The Oscars

The Oscars: Why did they snub the Muppets?

Why oh why would you turn down the opportunity to stage a big catchy Muppet number?

Still of Jason Segel in "The Muppets."

Jason Segel in The Muppets

Patrick Wymore/Disne

Dan Kois, Troy Patterson, and Dana Stevens will be on Slate’s Facebook page at 11 a.m. ET on Monday to chat with readers about Sunday’s Oscar ceremony.

Hey, Troy and Dan,

To say, as Troy does, that the Oscars have entered a “decadent phase,” one must believe that there was a moment when they weren’t decadent (both in the sense of luxurious excess and of historical decline)—that there was a golden era of authenticity and quality toward which we blighted moderns yearn. The academy would no doubt like us to hold onto that beautiful fiction as fiercely as Owen Wilson’s nostalgia-addled protagonist clings to his in Midnight in Paris—at least till the 11 o’clock news starts on Sunday night and the great cycle of Oscar life ends and begins again. The three of us won’t be watching the ceremony together (though perhaps our avatars will meet up and party on Twitter), but let’s convene here Monday morning to hash it all out.

In the meantime, to answer a few of Troy’s questions: 1) If Woody Allen showed up to the Oscars to accept the best original screenplay prize he seems likely to win for Midnight in Paris, I wouldn’t be able to offer any opinion on his acceptance speech, because I would have passed out in shock when he took the podium. In his five decades of making movies, Woody has attended the ceremony exactly once, in 2002, when he introduced Nora Ephron’s 9/11 tribute montage of New York City-set movies with four minutes of inspired standup. Allen doesn’t even acknowledge his own Oscar wins in interviews; his aversion to L.A. film culture and all it represents is a founding pillar of his persona. If he shows up on the red carpet just because one of his most popular films ever is a favorite to win an award this year, I’ll have to rethink the boundaries of the known cinematic universe.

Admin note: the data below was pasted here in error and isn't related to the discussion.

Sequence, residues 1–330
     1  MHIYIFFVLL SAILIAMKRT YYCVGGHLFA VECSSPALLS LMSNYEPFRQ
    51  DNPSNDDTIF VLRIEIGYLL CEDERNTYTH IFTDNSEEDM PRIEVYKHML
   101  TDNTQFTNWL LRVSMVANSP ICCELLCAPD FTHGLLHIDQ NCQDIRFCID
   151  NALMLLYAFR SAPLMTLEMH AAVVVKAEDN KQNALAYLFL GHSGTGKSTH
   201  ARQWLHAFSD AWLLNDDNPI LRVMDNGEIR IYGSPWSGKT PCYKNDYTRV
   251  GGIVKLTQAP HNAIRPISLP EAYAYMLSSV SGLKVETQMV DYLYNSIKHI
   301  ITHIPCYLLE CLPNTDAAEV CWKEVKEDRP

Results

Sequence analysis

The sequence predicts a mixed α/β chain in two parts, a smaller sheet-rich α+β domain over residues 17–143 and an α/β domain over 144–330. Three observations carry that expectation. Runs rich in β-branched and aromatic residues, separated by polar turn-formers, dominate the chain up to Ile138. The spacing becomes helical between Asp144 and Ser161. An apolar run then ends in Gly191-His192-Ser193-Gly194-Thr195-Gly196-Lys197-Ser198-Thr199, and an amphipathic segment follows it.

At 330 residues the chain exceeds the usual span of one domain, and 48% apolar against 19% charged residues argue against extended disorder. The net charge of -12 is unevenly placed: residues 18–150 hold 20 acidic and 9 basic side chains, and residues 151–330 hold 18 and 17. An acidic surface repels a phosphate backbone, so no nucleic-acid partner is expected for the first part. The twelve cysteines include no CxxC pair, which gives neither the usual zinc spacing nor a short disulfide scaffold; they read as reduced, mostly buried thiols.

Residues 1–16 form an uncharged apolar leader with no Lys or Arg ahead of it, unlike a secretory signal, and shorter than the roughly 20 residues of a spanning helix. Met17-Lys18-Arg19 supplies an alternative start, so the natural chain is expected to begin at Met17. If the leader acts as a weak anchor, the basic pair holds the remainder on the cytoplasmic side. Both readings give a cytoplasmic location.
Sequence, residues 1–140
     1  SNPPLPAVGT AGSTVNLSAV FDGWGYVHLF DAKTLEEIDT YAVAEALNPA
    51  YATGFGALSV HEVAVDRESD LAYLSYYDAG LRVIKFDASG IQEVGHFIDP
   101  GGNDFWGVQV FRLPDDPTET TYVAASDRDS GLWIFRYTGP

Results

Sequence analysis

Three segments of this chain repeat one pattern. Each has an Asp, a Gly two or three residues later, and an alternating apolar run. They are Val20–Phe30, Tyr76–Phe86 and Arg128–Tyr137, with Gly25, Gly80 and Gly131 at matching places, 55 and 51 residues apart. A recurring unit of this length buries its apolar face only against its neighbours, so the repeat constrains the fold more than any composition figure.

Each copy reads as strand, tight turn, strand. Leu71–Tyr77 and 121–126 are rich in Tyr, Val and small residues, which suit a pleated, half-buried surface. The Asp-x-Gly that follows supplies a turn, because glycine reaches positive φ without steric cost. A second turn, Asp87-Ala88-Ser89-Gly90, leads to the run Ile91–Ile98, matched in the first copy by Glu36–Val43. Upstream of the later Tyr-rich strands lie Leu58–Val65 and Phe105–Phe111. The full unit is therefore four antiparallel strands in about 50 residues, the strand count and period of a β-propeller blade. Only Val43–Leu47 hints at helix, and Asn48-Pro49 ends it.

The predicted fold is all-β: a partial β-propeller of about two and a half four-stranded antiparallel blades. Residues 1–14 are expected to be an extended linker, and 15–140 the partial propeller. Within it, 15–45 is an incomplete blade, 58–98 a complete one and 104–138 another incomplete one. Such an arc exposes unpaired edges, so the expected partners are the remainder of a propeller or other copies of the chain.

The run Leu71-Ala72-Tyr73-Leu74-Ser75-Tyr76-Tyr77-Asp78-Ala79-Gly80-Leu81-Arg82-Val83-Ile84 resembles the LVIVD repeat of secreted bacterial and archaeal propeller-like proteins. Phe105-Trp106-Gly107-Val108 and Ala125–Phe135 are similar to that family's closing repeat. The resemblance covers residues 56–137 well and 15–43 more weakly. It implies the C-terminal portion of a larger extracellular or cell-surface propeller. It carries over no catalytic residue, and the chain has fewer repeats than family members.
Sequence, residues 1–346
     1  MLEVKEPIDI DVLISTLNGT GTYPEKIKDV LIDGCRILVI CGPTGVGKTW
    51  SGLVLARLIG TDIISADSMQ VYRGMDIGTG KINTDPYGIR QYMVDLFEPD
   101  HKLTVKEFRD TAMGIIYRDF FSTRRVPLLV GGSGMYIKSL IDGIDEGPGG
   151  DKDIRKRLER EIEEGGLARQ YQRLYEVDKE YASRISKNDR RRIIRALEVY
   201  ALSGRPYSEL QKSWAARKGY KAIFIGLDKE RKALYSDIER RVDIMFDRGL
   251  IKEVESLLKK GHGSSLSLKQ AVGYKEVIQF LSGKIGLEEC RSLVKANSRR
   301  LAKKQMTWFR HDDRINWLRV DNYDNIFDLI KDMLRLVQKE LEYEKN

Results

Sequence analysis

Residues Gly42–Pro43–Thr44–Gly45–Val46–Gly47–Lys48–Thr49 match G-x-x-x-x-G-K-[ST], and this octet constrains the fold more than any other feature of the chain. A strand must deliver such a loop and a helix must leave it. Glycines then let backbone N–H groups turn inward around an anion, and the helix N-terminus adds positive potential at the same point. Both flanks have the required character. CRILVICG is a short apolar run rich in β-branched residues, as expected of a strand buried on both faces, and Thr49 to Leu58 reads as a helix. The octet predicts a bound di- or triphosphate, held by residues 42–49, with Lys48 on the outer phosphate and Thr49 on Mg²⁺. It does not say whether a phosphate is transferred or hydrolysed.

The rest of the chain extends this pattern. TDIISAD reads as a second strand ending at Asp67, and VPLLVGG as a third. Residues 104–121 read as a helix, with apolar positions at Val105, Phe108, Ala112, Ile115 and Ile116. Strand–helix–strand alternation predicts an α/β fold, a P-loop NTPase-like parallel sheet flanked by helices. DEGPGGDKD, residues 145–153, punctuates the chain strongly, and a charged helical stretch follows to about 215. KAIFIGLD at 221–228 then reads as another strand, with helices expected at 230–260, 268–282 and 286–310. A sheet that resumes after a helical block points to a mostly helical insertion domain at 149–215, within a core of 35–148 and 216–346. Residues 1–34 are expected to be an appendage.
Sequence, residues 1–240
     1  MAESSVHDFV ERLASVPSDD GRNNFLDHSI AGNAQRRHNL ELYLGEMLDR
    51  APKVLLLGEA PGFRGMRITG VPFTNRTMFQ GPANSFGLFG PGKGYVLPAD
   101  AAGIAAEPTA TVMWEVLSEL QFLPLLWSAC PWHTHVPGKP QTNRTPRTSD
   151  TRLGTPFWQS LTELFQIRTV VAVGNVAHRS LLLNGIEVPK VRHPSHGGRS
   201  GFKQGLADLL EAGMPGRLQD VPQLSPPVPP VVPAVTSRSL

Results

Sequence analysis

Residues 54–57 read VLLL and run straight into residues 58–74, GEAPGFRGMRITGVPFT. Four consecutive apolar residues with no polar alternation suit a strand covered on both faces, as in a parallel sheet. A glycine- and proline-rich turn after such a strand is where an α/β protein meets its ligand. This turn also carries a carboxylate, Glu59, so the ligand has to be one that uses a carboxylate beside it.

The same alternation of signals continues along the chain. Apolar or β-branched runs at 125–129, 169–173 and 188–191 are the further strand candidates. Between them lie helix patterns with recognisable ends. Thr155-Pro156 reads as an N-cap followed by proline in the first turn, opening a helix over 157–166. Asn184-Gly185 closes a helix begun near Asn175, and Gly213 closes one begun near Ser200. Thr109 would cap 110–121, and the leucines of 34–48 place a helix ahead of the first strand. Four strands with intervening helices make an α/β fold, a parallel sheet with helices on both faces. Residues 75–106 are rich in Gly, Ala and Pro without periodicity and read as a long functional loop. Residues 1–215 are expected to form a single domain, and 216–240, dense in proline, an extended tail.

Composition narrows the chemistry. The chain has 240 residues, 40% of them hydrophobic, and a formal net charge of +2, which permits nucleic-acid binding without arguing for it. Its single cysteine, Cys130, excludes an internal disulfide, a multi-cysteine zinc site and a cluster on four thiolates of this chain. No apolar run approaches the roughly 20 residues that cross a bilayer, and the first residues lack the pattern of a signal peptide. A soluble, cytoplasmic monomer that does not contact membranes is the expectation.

As for Bérénice Béjo, the tall drink of water who’s a supporting actress nominee for her role as the indomitable Peppy Miller in The Artist (she’s also married to the director, Michel Hazanavicius), I think you’re right that her co-star Jean Dujardin stands a better chance of getting offers from Hollywood. (He’s already made a hilarious audition tape in which he practices action-movie Eurovillain taglines in a variety of accents.) I suspect this has to do with a depressing thing I read about in a Hilary Swank profile years ago and have unfortunately never forgotten—the kind of meetings at which a group Hollywood power types attempt to establish a consensus on the “fuckability” of various female leads before casting a part. Béjo couldn’t be lovelier, but she’s lanky, almost gawky, with sharp features and a coolly intelligent gaze. You could see her as an Eva Green-style Bond girl maybe, but for most of the roles Hollywood has to offer attractive women her age, Béjo seems somehow insufficiently pliable—she’s too edgy and smart, too French, to inspire unbridled lust in Joe Meathead. I bet she’ll rock something on Oscar night meant to reverse that impression, though.

Finally, a question that’s been gnawing at me: In the absence of performances of the two nominated best songs (a choice on the show producers’ part I simply don’t understand: You have the chance to stage a big catchy Muppet number that will have the whole audience beaming, and you turn it down?), what kind of interstitial entertainment is going to bind all these dry podium speeches together? Are we really expected to last three hours without a single belted power ballad? Is it too much to hope that Miss Piggy will crash the stage at some point with “Soy Bomb” written in Sharpie across her chest and give producer Brian Grazer what for?

See you on the pre-pre-pre red carpet,